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That study that found that drinking diet soda is better for weight loss than drinking water?Funded by an organization that has Coke and Pepsi execs on the board. The researchers were also paid a stipend by the group, and the lead author was paid by the British Sugar Bureau. Of the 55,000 studies carried out, only the information from three of them were used. Only one of the three was able to show a weight loss benefit for the diet soda drinkers, as compared to those that drank water. Credible? We say highly questionable.

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John Bohannon, a journalist embarked on a prank study which bestowed the virtues of eating a chocolate bar a day to promote weight loss. While the news from the faux German study swept the world, the conclusions were, in fact unfounded. You can read Bohannon’s account of the hoax here.

Like with anything else in life, if it sounds too good to be true, it probably is. Before you settle in for a night of Netflix, accompanied by a glass of wine, a bar of chocolate and some diet soda thinking it is a magic bullet for weight loss, I’d like to chat with you about purchasing a certain bridge in New York.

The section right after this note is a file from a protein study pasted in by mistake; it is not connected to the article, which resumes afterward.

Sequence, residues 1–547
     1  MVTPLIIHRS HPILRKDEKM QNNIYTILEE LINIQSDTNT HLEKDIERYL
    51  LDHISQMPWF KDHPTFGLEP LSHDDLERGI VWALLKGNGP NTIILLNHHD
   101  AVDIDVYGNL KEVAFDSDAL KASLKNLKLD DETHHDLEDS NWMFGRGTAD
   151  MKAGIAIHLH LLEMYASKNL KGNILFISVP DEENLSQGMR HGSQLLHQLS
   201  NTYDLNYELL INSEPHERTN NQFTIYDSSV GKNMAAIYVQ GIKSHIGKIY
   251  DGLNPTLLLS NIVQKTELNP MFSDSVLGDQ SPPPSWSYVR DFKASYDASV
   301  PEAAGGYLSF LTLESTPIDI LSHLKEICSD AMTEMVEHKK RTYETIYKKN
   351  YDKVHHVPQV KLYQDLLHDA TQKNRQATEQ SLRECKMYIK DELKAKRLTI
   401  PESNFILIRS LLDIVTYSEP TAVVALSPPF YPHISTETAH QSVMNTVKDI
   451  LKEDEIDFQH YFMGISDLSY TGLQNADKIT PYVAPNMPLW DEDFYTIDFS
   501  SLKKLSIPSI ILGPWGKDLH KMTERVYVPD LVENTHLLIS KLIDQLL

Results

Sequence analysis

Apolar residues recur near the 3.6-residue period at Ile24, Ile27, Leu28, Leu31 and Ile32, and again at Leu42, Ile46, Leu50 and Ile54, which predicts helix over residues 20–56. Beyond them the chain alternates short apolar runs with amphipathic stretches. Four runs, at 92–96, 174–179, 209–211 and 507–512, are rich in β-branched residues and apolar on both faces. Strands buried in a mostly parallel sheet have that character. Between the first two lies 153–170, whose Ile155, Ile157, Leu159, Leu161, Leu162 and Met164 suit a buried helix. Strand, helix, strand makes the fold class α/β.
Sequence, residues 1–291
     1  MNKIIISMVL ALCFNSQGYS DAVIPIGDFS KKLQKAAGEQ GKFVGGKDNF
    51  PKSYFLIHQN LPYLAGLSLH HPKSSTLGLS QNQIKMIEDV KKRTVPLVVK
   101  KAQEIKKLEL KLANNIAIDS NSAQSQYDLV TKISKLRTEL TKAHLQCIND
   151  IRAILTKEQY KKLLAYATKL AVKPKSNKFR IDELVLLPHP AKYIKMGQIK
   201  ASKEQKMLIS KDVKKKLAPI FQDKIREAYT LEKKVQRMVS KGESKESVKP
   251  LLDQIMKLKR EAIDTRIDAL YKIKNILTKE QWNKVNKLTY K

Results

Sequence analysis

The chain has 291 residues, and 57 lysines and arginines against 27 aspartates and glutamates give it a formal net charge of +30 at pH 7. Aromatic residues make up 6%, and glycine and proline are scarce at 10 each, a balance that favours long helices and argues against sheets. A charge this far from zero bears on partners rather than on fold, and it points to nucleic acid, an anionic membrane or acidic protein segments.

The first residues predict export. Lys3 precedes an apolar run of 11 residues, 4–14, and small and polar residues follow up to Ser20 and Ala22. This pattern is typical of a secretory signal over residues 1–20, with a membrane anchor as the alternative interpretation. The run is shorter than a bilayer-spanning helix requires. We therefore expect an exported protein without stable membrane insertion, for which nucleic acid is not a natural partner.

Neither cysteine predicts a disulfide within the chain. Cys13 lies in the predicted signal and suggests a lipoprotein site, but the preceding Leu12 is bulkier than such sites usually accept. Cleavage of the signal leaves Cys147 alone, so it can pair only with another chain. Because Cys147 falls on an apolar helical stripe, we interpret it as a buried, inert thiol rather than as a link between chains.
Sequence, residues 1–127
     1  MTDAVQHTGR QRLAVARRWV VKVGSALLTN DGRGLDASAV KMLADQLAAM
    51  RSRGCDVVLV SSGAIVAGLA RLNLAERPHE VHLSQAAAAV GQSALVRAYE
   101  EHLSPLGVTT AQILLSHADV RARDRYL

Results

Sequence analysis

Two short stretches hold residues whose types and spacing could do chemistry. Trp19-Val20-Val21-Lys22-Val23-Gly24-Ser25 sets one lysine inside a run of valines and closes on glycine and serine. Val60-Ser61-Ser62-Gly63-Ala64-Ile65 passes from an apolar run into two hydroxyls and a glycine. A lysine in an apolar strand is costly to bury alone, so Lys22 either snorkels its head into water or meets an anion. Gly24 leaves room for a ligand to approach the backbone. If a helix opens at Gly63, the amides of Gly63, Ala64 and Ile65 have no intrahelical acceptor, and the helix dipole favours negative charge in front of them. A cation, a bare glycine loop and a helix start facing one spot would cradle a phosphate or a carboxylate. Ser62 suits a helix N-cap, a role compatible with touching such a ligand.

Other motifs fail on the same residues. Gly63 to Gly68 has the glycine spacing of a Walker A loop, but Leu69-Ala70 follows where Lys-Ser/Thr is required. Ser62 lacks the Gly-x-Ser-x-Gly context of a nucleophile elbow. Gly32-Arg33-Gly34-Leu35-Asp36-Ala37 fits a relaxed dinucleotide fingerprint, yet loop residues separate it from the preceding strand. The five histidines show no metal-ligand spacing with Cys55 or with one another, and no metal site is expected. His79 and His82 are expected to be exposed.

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Body Love

August 26, 2015

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Body acceptance is a hot topic these days. The media is reaching out to encourage women everywhere to love their bodies, regardless of how they look. Body shaming, and setting an unrealistically high (and often photoshopped) bar for beauty is the subject of many news stories and ad campaigns.

I completley agree. Women should be able to go to the beach without panicing about their “beach body”(something I am completely guilty of). A jiggle here and a bump there shouldn’t keep women from enjoying their lives. A few extra pounds or a little “junk in the trunk” is nobody’s business but our own. Every story about women being fat shamed, or called out by total strangers for exposing thier stretch marks from childbirth on the beach makes me cringe. It is time that society comes to terms with our imperfections being part of who we are and move on.